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Chipping Norton tackles anti-social behaviour
Chipping Norton is tackling anti-social behaviour head on by fitting the Mosquito, an ultra-sonic device, in the Westgate Shopping Centre to deter trouble-makers.
The Mosquito system generates a pulsed ultra-sonic tone at around 16Khtz, which is close to the limit of the hearing range of people under 25 years old. While the noise causes no physical pain or damage to the body, it does become extremely annoying after five to 10 minutes of exposure, resulting in youngsters leaving the vicinity of where the system is fitted.
The Mosquito will be installed in the main pedestrian area of the Westgate Centre following complaints from shop owners and nearby residents that groups are gathering and causing trouble. The system will only be turned on at specific times to target problem periods and the majority of people over 30 can only just hear the noise, if at all, due to natural age-related hearing loss. The high frequency also means the noise is unable to penetrate solid objects so won't be heard outside the premises.
“The system is already widely used by police and local authorities around the UK but this is the first time it will be installed in North Oxfordshire,” explains PC Simon Towers, Anti-Social Behaviour Manager for the West Oxfordshire Community Safety Partnership. “It has received great results elsewhere in the fight against anti-social behaviour so we are hopeful it will have the desired effect in tackling one of Chipping Norton's Neighbourhood top priorities.”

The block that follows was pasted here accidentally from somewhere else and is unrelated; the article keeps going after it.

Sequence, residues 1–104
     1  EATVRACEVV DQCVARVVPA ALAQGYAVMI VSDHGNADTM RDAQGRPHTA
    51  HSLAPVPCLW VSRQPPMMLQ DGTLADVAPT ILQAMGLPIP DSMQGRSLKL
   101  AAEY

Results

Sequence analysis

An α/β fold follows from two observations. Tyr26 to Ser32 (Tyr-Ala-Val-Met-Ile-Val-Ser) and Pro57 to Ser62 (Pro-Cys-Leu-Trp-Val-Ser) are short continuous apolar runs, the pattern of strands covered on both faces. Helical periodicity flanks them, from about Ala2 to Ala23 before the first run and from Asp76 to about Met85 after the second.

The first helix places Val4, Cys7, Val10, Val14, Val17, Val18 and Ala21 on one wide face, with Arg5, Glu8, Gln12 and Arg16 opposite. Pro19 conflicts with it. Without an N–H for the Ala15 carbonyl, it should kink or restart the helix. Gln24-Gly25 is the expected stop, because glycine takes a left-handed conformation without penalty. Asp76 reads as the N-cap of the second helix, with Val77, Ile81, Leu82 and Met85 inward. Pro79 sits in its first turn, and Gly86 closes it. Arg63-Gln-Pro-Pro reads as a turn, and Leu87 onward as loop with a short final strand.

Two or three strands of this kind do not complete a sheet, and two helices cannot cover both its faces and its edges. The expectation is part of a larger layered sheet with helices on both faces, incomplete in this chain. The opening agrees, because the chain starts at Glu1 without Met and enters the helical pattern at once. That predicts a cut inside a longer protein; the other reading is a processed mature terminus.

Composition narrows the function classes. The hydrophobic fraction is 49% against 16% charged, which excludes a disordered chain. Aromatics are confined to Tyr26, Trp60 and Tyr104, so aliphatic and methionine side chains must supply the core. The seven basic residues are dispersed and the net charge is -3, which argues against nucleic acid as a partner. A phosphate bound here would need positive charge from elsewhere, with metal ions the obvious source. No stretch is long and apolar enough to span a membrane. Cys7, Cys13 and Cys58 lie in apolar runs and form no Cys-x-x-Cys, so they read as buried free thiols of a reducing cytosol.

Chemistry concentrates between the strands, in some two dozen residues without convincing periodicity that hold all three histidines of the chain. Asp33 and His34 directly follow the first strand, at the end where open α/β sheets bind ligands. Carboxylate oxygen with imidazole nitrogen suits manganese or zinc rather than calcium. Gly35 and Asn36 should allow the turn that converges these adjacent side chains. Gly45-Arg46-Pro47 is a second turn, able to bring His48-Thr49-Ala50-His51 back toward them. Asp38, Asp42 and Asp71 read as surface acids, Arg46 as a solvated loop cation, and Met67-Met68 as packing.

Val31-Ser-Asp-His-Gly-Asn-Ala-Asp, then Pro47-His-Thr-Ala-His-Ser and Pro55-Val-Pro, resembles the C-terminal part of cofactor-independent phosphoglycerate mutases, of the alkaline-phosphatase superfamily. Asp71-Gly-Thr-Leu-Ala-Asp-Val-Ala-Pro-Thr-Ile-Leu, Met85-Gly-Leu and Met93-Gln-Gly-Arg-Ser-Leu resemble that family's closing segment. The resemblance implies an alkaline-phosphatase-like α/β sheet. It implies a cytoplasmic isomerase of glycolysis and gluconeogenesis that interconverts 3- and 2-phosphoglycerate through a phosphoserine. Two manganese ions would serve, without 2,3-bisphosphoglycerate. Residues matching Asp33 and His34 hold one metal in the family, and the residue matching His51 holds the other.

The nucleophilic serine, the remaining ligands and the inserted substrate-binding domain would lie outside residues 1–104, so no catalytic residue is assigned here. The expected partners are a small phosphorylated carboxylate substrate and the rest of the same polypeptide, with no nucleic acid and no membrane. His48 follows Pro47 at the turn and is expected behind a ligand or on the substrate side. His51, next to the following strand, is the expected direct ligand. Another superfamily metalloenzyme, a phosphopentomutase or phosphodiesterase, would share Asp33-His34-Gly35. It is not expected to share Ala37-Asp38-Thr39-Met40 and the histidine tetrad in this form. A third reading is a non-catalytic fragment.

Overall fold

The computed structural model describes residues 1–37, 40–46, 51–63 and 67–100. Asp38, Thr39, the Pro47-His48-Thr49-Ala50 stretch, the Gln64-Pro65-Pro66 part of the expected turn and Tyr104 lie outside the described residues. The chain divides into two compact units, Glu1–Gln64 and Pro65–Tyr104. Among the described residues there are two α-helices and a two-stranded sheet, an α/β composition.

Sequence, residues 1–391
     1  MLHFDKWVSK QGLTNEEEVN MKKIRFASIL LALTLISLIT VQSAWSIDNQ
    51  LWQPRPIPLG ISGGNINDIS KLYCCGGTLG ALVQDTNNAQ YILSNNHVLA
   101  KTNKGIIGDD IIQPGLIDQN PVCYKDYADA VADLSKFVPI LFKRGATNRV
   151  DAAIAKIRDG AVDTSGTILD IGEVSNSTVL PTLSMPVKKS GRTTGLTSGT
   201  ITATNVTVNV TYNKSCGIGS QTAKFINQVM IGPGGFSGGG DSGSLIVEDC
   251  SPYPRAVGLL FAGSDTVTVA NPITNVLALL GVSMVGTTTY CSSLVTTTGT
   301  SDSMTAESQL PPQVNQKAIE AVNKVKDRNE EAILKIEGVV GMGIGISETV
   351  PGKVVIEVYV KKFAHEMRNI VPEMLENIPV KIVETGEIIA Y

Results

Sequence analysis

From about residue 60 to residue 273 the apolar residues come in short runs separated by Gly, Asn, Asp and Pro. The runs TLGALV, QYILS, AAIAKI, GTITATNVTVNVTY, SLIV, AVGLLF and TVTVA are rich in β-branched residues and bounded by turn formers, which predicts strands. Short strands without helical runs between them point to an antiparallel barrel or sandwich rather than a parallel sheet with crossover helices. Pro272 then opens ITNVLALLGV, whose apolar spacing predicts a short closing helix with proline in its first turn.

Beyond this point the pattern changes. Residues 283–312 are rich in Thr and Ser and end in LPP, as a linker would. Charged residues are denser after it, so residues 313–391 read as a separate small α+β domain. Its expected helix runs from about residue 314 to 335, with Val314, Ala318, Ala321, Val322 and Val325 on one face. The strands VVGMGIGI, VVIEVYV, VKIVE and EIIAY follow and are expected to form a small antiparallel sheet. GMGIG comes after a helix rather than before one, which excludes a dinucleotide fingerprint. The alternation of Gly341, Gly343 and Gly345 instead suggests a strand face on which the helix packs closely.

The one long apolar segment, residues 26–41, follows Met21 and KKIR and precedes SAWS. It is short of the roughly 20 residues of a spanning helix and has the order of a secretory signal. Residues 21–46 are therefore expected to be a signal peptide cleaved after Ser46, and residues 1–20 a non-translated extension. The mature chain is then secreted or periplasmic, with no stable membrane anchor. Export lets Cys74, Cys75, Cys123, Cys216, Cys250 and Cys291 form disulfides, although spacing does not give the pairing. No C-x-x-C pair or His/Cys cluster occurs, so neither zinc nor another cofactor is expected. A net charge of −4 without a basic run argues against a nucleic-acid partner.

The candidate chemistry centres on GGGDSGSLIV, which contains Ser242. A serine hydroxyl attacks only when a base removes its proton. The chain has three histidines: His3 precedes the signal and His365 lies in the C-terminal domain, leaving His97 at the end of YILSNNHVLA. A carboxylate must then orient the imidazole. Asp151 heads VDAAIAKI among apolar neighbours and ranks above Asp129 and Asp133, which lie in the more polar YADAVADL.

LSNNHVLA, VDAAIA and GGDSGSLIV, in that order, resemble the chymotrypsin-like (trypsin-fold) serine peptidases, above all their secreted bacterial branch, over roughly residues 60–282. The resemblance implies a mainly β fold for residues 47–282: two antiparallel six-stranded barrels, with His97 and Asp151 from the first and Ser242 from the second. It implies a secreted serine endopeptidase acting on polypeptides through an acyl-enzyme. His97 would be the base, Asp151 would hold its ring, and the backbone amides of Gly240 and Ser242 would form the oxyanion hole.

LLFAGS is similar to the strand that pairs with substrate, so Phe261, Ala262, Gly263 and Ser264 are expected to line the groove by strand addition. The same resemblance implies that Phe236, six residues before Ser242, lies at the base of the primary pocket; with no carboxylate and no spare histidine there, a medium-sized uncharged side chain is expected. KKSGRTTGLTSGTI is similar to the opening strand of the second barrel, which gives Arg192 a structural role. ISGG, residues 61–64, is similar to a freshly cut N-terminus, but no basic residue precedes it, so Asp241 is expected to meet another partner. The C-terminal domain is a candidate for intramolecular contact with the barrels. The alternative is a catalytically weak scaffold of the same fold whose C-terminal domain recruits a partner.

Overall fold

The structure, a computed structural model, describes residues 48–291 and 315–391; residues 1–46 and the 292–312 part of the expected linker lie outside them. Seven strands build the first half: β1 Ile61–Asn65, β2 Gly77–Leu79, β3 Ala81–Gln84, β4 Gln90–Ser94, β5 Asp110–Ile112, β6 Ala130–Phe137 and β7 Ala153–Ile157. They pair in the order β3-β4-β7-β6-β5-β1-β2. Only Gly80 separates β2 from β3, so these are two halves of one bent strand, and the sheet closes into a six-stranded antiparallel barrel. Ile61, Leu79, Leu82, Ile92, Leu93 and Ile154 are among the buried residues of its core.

One of the businesses expected to benefit from the installation of the Mosquito Unit is the Co-op Supermarket. PR Manager for the Midcounties Co-operative, Adrian Barradell said: “We are aware that young people hanging about the entrance area to the shopping centre have, in the past, been off putting for our customers. We welcome the installation of the Mosquito Unit and hope it will reassure people, especially those visiting the store in the dark winter evenings. The key thing about the Mosquito is that it can be activated as and when it is required and it has been shown to be a useful tool in tacking anti-social behaviour.”
The Chipping Norton Neighbourhood Action Group held its annual review of priorities at the end of last month with a total of 320 members of the public being surveyed regarding their concerns about safety and quality of life. The results have been calculated and 'youths hanging around' remains one of the top three priorities for the Group to tackle over the next 12 months.
: 09/11/2006 21:14:37
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